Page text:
Monash University, Australia, researchers have discovered a key way that one of the world's deadliest pathogens, Ebola virus, evades the immune system.
Understanding this process provides new potential targets for the future development of anti-viral therapies for a disease that killed over 11,000 people in an outbreak in West Africa between 2014 and 2016, with mortality rates in past outbreaks of 25 per cent to 90 per cent.
An outbreak of Ebola, for which treatment options are extremely limited, occurred earlier this year in the Democratic Republic of Congo. In common with viruses such as the Hendra and rabies viruses, Ebola infects humans from animals, with bats thought to be the natural hosts.
The research team, led by Dr Greg Moseley and Dr Angela Harrison from the Monash University Biomedicine Discovery Institute, in collaboration with researchers at the Australian Centre for Disease Preparedness (ACDP, CSIRO) found that Ebola virus can block the function of the STAT3 protein, a critical ˜messenger" protein that transmits signals within our cells important to regulating host immune and inflammatory responses against infections.
Importantly, using infections with pathogenic virus under the highest biocontainment level (BSL4) together with gene expression analysis and quantitative single cell imaging, the research team have discovered that STAT3 activity is antiviral toward Ebola virus, but that Ebola virus uses a protein called VP24 to target and disable STAT3's messenger function through at least two different strategies, including binding to STAT3 protein complexes.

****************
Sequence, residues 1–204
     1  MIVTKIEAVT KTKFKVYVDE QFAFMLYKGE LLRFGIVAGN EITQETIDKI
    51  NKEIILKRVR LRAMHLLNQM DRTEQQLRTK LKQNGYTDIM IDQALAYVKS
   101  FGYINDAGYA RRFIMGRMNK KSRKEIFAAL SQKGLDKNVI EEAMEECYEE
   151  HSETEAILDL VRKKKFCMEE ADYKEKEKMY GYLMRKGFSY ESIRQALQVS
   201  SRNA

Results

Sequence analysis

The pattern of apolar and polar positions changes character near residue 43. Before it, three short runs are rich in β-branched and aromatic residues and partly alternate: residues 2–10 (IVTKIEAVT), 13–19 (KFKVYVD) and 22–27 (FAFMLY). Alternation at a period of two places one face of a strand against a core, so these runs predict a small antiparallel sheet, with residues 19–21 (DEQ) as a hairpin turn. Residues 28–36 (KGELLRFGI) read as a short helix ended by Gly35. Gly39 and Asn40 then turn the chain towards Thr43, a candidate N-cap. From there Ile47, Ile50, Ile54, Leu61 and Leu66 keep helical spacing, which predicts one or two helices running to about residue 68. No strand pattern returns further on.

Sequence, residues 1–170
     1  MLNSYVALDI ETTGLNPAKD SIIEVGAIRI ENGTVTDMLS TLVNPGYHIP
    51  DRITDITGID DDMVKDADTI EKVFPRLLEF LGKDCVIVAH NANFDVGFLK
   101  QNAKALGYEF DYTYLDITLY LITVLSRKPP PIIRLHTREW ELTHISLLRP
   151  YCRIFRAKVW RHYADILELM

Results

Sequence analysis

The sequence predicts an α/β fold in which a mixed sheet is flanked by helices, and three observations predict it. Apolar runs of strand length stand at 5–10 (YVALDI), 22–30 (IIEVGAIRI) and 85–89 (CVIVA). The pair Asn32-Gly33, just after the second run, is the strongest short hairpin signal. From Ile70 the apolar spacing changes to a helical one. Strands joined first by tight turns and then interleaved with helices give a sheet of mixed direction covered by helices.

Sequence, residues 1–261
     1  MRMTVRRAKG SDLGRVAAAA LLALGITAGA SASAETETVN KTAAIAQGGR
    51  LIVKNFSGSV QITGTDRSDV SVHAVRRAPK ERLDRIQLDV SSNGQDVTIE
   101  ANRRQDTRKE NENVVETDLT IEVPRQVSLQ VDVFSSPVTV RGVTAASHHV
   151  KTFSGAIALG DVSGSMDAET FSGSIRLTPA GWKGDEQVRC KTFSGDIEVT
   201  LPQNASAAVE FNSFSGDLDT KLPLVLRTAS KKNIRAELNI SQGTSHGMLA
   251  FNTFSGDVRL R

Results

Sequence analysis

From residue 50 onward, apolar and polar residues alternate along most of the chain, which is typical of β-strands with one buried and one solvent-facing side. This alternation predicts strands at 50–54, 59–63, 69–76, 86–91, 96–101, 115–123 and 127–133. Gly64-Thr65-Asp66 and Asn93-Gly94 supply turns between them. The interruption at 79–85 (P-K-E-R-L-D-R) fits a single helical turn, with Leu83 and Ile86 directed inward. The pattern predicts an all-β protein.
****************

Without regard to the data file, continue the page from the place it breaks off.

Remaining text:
The findings were published today in the journal PLOS Pathogens.
The elucidation of this entirely new way for Ebola virus to disarm immune responses may provide new targets that can be used in research towards developing new anti-virals that prevent Ebola virus, and possibly other viruses, from interfering with the infected person's antiviral system, allowing them to fight off the disease, according to Dr Moseley. "This shows us that Ebola virus uses more tricks to evade and dysregulate the immune system than we previously thought, and highlights the expanding importance of targeting of STAT3 by viruses. Understanding this process gives us new potential targets that might contribute to developing therapies that block the ability of Ebola and other viruses to shut down the immune response," he said.
Importantly the STAT3 pathway is also involved in the pathogenesis of many other diseases, including cancers. Dr Moseley believes that understanding how Ebola virus and other viruses specifically target and modify STAT3 could also provide new directions for the development of therapeutics for diseases such as cancer.
Read the full paper in PLOS Pathogens titled: Antagonism of STAT3 signalling by Ebola virus
About the Monash Biomedicine Discovery Institute at Monash University
Committed to making the discoveries that will relieve the future burden of disease, the newly established Monash Biomedicine Discovery Institute at Monash University brings together more than 120 internationally-renowned research teams. Spanning six discovery programs across Cancer, Cardiovascular Disease, Development and Stem Cells, Infection and Immunity, Metabolism, Diabetes and Obesity, and Neuroscience, Monash BDI is one of the largest biomedical research institutes in Australia. Our researchers are supported by world-class technology and infrastructure, and partner with industry, clinicians and researchers internationally to enhance lives through discovery.